COLUMBUS, MS (THE DISPATCH)
Shad White said there are two ways to do his job: the easy way and the right way.
White was appointed to the position of state auditor about nine months ago, meaning he’s in charge of the office that sorts out misappropriation, theft and corruption in government offices all over the state, he told Columbus Rotary Club members at their weekly luncheon at Lion Hills Tuesday.
“Every single day I have to call on that impulse to do the right thing, regardless of what the consequences are, regardless of who might not like it,” he said. “That’s just the nature of this job. Auditing and holding folks accountable for stealing money, regardless of who they are or where they’re from or what the color of their skin is or how connected they might be or not connected they might be — that’s the thing that I have to do every single day in this gig.”
White told the story of an investigation into embezzlement last year at Coahoma Community College in which his office found two women had conspired and stolen $980,000 over four years. Following their investigation, White and several investigators travelled to Clarksdale to publicly present their findings to the area district attorney, expecting local media to be the only members of the public to show up.
“We got there and the court room is full … of normal people in that community, and students and administrators because they know what it means to lose $1 million like that,” he said snapping his fingers. “They know what it means to that community college. It means less money for workforce training, it means less money for that classroom, it means less money for campus security, all of that. And for the tax payers, it means your money just evaporated.”
He was later told he shouldn’t publicize the case because the suspects had enough friends, family and connections that White might lose the county if he ran for re-election.
But White said he feels part of his job is talking about the cases — not just to reassure taxpayers he’s working on their behalf, but to deter others from stealing.
“Maybe they remember, ‘oh yeah, I read a headline about how so-and-so got in trouble, that they got caught by the state auditor and they’re going to jail for 20 years,'” he said. “…That’s why you talk about these cases. Everybody in here knows we are not going to get $980,000 back from these two folks. It’s not going to happen. We have lost a lot of money. So what do you do in a world where you know you’re going to lose money if people will steal it? You have to work really hard on the front end to prevent it.”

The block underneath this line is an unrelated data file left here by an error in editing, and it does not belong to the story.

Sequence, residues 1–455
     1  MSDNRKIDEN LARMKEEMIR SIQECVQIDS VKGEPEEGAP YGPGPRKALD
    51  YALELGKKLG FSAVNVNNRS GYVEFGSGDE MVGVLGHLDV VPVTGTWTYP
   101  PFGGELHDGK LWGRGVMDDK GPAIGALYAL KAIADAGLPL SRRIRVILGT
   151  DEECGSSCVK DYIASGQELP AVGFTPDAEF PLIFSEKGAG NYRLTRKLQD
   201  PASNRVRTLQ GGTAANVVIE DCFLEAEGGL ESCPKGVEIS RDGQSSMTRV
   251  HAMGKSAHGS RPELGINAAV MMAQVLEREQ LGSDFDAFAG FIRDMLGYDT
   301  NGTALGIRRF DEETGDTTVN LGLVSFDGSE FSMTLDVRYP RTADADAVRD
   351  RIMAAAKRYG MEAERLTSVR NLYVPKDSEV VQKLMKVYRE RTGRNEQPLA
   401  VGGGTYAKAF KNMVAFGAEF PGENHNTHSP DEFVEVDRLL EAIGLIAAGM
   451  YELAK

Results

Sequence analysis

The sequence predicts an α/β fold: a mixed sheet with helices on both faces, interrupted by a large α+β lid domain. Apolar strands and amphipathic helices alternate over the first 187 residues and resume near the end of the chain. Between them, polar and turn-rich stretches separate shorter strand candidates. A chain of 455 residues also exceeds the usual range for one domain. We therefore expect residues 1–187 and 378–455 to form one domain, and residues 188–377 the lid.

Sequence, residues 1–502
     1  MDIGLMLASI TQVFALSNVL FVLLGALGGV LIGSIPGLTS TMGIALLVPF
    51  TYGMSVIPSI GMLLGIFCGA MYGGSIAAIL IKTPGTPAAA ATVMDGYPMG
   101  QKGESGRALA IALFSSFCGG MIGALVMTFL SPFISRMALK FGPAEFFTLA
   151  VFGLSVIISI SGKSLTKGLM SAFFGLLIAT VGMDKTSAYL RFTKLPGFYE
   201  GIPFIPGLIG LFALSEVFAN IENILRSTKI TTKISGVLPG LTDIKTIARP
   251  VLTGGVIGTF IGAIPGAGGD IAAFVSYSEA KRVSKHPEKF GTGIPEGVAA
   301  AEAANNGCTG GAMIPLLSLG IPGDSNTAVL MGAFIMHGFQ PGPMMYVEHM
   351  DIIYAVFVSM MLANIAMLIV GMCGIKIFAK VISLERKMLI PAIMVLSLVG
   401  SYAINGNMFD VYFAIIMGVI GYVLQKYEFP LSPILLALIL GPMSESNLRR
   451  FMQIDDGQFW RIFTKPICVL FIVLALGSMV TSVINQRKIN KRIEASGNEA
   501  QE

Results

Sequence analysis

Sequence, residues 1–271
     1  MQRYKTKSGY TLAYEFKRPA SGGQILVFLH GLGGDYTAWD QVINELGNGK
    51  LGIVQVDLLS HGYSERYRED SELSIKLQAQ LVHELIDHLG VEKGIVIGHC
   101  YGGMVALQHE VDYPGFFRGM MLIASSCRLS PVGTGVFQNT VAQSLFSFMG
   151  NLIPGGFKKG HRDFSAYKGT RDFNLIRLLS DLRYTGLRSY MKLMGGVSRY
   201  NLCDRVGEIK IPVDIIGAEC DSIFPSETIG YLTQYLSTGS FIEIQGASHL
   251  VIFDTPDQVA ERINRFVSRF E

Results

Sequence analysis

White stressed that most often the office’s investigators root out corruption through tips, rather than audits his office conducts. He also, in answer to a question from a Rotarian, shed light on why Mississippi tends to rank highly in “most corrupt states” lists.
He pointed out that Mississippi every year is among the top five states for per capita convictions of public corruption, meaning it’s possible other states just aren’t catching as many as Mississippi.
“There is potential that there are other states out there worse than us,” he said.
But he said he feels issues throughout the state such as small government offices, rural areas and widespread poverty make it easier for government employees to get away with corruption over long periods of time. For example, he said, they discovered the $980,000 embezzlement from a community college, not Mississippi State University which is big enough to employ internal auditors.
When asked by both audience members and The Dispatch whether his office was looking into the city of Columbus’ financial difficulties — which include potentially being $338,000 in debt by October, according to the city’s financial consultant — White said he couldn’t comment on whether his office was conducting investigations into particular departments. He did say that while his office could potentially investigate a tip, his office legally cannot conduct audits of municipalities.
White also didn’t speak about similar financial difficulties faced by Lowndes County School District, which has run deficits the past three years totaling more than $7 million.
However, he said his office can conduct investigations into school districts if they receive tips.